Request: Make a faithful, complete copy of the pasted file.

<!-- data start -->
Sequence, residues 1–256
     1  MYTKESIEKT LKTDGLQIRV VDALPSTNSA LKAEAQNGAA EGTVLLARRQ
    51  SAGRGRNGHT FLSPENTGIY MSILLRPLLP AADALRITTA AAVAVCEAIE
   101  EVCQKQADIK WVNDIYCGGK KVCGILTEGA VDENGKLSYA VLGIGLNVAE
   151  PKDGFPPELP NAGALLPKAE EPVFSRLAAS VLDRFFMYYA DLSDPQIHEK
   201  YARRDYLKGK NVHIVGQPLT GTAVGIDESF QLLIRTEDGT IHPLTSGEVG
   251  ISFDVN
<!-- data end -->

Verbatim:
Sequence, residues 1–256
     1  MYTKESIEKT LKTDGLQIRV VDALPSTNSA LKAEAQNGAA EGTVLLARRQ
    51  SAGRGRNGHT FLSPENTGIY MSILLRPLLP AADALRITTA AAVAVCEAIE
   101  EVCQKQADIK WVNDIYCGGK KVCGILTEGA VDENGKLSYA VLGIGLNVAE
   151  PKDGFPPELP NAGALLPKAE EPVFSRLAAS VLDRFFMYYA DLSDPQIHEK
   201  YARRDYLKGK NVHIVGQPLT GTAVGIDESF QLLIRTEDGT IHPLTSGEVG
   251  ISFDVN